Kids' Eating: Fiber & Weight Loss
Fiber is the indigestible part of plant foods, and although it contains no calories or nutrients, it's an important part of a nutritious diet, especially if your family is trying to lose weight. Studies show that folks who eat high-fiber diets are thinner and healthier than those whose diets are low in fiber. Why? Part of the reason is that high-fiber foods are typically low in calories; they're also very bulky and filling.
You won't find much fiber in junk foods like chips, cookies and candy. Fiber is found only in plant foods, including fruits, vegetables, nuts and whole grains.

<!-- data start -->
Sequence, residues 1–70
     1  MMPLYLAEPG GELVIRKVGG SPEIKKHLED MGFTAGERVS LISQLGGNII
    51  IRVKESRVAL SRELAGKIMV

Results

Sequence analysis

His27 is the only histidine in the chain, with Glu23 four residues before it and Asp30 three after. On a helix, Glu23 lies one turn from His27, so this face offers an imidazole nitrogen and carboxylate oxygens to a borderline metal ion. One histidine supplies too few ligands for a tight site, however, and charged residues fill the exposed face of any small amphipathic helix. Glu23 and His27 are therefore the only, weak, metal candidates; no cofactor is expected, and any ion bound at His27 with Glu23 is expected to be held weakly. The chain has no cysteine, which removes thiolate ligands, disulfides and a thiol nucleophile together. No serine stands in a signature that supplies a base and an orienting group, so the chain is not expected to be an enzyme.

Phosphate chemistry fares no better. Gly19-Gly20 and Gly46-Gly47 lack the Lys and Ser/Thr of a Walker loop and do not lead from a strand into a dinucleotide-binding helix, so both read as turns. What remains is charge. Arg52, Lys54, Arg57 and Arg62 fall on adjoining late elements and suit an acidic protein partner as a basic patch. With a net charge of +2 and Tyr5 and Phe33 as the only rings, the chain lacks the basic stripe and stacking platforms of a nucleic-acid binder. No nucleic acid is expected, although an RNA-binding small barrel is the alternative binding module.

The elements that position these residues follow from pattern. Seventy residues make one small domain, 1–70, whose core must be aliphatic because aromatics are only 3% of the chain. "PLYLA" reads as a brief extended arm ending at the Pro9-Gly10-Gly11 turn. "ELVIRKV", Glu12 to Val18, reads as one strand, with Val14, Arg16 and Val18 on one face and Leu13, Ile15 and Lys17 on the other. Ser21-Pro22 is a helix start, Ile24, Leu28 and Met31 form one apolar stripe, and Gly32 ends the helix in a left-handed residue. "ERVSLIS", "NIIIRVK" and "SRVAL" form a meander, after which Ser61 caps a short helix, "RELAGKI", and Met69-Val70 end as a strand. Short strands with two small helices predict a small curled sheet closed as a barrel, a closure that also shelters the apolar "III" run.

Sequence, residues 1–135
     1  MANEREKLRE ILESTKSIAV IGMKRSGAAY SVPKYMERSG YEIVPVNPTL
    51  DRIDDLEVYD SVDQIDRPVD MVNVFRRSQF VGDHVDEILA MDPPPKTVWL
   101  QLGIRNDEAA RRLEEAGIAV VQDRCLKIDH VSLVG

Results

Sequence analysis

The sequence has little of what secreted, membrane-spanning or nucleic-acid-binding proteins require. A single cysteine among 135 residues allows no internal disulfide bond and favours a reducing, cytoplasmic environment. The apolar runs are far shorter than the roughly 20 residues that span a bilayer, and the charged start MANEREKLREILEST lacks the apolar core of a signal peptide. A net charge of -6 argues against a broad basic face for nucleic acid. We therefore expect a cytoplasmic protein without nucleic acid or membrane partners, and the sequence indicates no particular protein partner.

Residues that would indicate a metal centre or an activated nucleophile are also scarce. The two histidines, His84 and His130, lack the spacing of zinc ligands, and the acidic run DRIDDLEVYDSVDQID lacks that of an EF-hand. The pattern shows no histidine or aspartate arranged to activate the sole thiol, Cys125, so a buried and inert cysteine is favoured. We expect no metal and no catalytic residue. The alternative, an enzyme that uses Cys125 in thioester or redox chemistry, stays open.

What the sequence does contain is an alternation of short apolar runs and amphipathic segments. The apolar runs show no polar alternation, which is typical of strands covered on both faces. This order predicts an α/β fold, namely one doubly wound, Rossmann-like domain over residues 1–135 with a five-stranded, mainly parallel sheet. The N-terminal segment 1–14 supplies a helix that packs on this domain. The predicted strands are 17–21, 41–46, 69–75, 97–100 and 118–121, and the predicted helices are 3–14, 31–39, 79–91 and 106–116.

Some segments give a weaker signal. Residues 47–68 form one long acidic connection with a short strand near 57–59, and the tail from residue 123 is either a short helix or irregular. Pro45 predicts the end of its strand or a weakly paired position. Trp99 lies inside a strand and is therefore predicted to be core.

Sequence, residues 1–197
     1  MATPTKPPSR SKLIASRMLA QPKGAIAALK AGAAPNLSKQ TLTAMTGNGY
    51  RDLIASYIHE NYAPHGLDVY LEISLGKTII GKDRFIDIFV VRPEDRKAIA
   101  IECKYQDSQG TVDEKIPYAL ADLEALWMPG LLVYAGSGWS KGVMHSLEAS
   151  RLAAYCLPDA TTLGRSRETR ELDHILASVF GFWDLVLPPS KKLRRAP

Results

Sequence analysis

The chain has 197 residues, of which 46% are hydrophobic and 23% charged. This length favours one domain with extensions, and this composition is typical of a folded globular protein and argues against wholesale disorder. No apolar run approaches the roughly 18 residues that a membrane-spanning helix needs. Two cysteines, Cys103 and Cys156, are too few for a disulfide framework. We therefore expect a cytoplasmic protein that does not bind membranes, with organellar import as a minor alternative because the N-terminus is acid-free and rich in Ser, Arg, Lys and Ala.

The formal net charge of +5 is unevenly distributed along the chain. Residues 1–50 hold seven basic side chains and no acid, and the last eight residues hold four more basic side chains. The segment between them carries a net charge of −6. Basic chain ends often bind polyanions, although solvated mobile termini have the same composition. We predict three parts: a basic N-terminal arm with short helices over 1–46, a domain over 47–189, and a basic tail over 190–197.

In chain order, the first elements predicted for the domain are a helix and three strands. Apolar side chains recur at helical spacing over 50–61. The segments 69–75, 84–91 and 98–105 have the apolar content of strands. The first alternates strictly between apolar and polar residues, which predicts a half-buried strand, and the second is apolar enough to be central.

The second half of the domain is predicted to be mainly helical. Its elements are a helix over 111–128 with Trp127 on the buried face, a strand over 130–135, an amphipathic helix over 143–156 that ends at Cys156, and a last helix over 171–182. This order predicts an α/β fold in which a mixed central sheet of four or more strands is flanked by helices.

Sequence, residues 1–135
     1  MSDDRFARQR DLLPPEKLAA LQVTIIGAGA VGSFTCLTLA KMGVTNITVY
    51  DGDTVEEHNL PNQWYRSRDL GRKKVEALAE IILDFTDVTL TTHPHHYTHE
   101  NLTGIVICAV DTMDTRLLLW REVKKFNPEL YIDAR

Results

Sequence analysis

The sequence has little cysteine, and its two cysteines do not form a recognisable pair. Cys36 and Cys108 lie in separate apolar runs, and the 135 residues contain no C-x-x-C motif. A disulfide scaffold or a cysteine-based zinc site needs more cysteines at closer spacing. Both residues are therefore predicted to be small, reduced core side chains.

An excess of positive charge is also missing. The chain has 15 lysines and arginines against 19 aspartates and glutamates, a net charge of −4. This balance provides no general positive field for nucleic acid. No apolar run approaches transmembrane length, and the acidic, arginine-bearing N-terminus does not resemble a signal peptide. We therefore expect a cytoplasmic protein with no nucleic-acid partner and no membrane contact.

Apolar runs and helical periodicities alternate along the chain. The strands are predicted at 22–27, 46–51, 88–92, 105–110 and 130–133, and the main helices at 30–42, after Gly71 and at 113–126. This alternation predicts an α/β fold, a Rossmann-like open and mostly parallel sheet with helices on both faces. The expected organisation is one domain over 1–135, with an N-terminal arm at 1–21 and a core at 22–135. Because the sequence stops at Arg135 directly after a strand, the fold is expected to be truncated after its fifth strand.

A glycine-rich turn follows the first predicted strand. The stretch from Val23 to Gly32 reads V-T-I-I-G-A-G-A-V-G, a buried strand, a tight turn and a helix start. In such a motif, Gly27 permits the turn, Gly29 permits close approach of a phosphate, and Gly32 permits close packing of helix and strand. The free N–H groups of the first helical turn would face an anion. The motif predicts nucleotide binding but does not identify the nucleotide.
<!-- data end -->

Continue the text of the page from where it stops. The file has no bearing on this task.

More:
How much fiber do kids need to eat each day for good health? Kids ages 3 to 18 need 1 gram of fiber for each year of age, plus 5 grams. This means that a 10-year-old needs around 15 grams of fiber each day, while a 15-year-old needs around 20 grams of fiber each day.
Eating just one medium-size apple will provide four grams of fiber, while a half-cup of granola cereal has six grams. Want to guess how much fiber is in a bag of cheese puffs or a slice of chocolate cake? If you said none, you're right.